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Cheffi Brenner, , Nantes, January 2006

Has the possibility of individual collective communications helped to enhance the protection of rights under other treaties?

Several experts who are members of treaty monitoring bodies authorised to receive individual or collective communications asserted that the existence of such procedures had led to substantial progress in the protection of the rights concerned. The arguments are basically of three types. First, the possibility of individual communications helps to clarify States’obligations; second, the examination of individual situations leads to a better understanding of issues that would otherwise remain theoretical; and third, it leads to improved protection and has a beneficial effect on national systems.

I. Clarification of States’obligations

One of the arguments often put forward by opponents of the draft Protocol is that the justiciability of economic, cultural and social rights would be undermined by their lack of precision. Clearly defining economic, cultural and social rights is therefore a necessary preliminary to giving them better protection. Indeed clarification of the rights occurs by the control and not the contrary. (Jacques Fierens)

“As can be seen from the conclusions of the Committee’s sixth session in 1991 and the independent expert’s recent report, the idea [of allowing the possibility of individual communications] should help to refine the outline, nature and scope of economic, social and cultural rights through in-depth analysis of the legal problems raised by each individual case.” (Paul Gérard Pougoué)

“In many countries, it is analysis of actual cases that has made interpretation and clarification of rights possible. […] In South Africa, Latin America and India, for example, the courts have issued judgments clarifying provisions that were not sufficiently clear.

The optional protocol, [by allowing for the possibility of individual communications], will not only encourage the justiciability [of ESCRs] […] but will also be helpful in mutually strengthening national, regional and international case law and establishing a clear framework for the justiciability of ESCRs at all levels.” (Virginia B. Gomes)

II. Providing a practical perspective on theoretical issues

The possibility of examining real cases would help to deepen understanding of the theoretical principles. Economic, social and cultural rights are generally regarded as being collective by nature, instituting obligations of means that should be assessed through programmed26 and gradual27 measures.

“The general recommendations that [the Committee] draws up to help States parties fulfil their obligations remain theoretical. The experience derived from actual cases, after receiving individual communications, would give it a practical understanding of failures to fulfil obligations under the Covenant, which in return would help to make the rights in question less theoretical. An understanding closer to reality, made possible by examining actual cases, would be bound to be helpful to the Committee in drawing up general recommendations.” (Virginia B. Gomes)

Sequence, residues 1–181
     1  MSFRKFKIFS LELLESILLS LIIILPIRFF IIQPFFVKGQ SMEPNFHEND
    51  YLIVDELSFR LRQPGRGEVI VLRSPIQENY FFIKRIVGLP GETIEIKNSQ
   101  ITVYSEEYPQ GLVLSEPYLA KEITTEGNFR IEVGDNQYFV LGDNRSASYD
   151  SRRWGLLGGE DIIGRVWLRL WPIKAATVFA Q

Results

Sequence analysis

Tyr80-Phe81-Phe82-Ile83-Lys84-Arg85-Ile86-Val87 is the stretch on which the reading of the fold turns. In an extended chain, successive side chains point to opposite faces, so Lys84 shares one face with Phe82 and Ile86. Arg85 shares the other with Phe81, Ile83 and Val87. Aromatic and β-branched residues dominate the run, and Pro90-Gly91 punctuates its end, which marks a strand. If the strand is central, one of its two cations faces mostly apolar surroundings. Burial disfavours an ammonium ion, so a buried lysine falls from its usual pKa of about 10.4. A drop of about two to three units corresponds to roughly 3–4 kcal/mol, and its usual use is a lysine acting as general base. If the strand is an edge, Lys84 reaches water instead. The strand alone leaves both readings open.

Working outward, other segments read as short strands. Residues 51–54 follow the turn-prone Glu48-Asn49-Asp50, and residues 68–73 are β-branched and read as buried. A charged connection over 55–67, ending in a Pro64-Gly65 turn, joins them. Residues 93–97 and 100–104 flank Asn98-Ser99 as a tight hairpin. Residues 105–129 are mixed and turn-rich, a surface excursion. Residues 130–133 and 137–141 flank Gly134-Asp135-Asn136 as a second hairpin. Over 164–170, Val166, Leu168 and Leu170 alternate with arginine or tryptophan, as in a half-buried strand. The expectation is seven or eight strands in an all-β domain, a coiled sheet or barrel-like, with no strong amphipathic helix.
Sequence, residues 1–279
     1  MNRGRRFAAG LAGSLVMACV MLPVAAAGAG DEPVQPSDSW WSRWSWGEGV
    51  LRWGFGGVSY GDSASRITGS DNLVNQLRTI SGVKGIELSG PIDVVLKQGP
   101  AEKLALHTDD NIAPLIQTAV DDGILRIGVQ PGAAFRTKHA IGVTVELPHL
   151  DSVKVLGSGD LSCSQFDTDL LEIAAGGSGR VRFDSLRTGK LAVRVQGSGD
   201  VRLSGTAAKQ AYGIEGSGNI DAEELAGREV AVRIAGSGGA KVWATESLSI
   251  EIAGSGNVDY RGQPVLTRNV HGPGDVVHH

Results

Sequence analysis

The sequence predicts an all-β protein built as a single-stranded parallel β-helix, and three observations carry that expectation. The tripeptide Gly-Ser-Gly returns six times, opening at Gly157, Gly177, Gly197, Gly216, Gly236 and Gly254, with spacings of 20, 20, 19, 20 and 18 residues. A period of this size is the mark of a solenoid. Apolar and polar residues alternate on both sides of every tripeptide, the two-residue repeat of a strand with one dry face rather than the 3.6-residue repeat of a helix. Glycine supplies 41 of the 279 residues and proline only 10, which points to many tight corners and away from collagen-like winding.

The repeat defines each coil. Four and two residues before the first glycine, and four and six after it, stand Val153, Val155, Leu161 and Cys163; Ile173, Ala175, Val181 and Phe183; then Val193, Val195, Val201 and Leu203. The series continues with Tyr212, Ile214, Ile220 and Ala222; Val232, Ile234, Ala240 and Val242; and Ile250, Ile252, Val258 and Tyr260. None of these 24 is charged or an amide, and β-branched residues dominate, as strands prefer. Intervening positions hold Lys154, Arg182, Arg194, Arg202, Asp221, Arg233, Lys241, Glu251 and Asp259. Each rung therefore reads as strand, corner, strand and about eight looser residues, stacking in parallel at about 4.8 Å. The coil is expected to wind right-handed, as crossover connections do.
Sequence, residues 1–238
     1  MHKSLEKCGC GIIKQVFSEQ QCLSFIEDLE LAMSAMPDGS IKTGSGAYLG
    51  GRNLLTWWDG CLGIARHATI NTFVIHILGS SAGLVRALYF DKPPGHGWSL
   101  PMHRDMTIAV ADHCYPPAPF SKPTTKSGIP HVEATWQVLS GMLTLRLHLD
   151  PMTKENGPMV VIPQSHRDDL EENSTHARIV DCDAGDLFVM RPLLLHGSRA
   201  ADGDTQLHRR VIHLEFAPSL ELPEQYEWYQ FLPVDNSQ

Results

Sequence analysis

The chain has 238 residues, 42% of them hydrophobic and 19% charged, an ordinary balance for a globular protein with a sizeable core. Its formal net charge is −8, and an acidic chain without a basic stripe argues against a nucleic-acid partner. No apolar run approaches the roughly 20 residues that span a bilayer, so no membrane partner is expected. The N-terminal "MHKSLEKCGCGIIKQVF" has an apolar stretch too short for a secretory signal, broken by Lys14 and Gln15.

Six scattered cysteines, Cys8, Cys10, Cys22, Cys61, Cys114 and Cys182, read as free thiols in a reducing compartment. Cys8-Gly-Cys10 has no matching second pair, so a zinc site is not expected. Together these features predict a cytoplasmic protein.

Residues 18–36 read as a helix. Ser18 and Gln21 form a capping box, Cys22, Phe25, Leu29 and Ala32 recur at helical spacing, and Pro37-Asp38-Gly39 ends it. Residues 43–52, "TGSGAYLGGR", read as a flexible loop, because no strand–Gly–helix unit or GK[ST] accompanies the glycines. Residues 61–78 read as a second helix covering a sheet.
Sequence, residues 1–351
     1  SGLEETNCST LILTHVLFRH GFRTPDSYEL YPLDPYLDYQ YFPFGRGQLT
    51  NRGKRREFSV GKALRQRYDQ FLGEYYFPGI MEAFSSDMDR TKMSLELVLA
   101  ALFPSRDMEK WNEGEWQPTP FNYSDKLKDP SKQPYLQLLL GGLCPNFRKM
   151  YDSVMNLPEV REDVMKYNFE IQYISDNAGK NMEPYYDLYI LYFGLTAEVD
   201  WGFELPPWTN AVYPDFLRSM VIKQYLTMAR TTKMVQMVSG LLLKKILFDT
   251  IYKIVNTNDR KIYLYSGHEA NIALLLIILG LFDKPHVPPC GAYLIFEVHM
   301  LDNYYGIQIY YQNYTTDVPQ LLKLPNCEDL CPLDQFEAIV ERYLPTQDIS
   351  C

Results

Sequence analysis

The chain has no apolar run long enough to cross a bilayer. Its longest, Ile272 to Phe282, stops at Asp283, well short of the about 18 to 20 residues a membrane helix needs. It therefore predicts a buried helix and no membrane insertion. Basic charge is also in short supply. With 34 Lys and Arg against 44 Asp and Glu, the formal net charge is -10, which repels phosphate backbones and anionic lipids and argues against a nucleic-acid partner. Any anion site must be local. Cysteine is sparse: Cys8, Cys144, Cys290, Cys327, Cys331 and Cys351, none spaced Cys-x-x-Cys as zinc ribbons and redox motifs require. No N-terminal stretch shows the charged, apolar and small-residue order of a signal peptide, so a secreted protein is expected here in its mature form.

The possibility of individual or collective communications would also be a way of placing individual situations back at the centre of the understanding of social and economic rights. For legal practitioners, the victim’s “voice » has an essential place amidst purely legal considerations and may influence a decision by focusing attention on practical matters. That has been shown by the Grootboom case, the first case concerning the right to housing heard by South Africa’s Constitutional Court under the new constitution. Judge Jacob’s descriptions of the conditions in which Irene Grootboom and her family lived had an impact that a periodic report would never have had. The possibility of communications would therefore open up a space in which practical consideration could be given to the situation of both individuals and States. (Bruce Porter)

The effectiveness of a right can also be assessed from the extent to which violations of that right are sanctioned. The possibility of individual or collective communications would be bound to help ensure fairer sanctions for all parties.

“Human rights, including economic, social and cultural rights, universally revered, are applied in practice, after they have been legally approved, only if, on the “social stage » of individuals and institutions, they are exercised and attempts are made to restore them and improve their application in the event of violations. In a democracy there must be room for debate and regulation with regard to legal proclamations and protests, legitimate or not, for the purposes of effectuation and social peace. Constitutional commitments given by States cannot be held at arm’s length from social realities and the process of social change.” (Didier Agbodjan)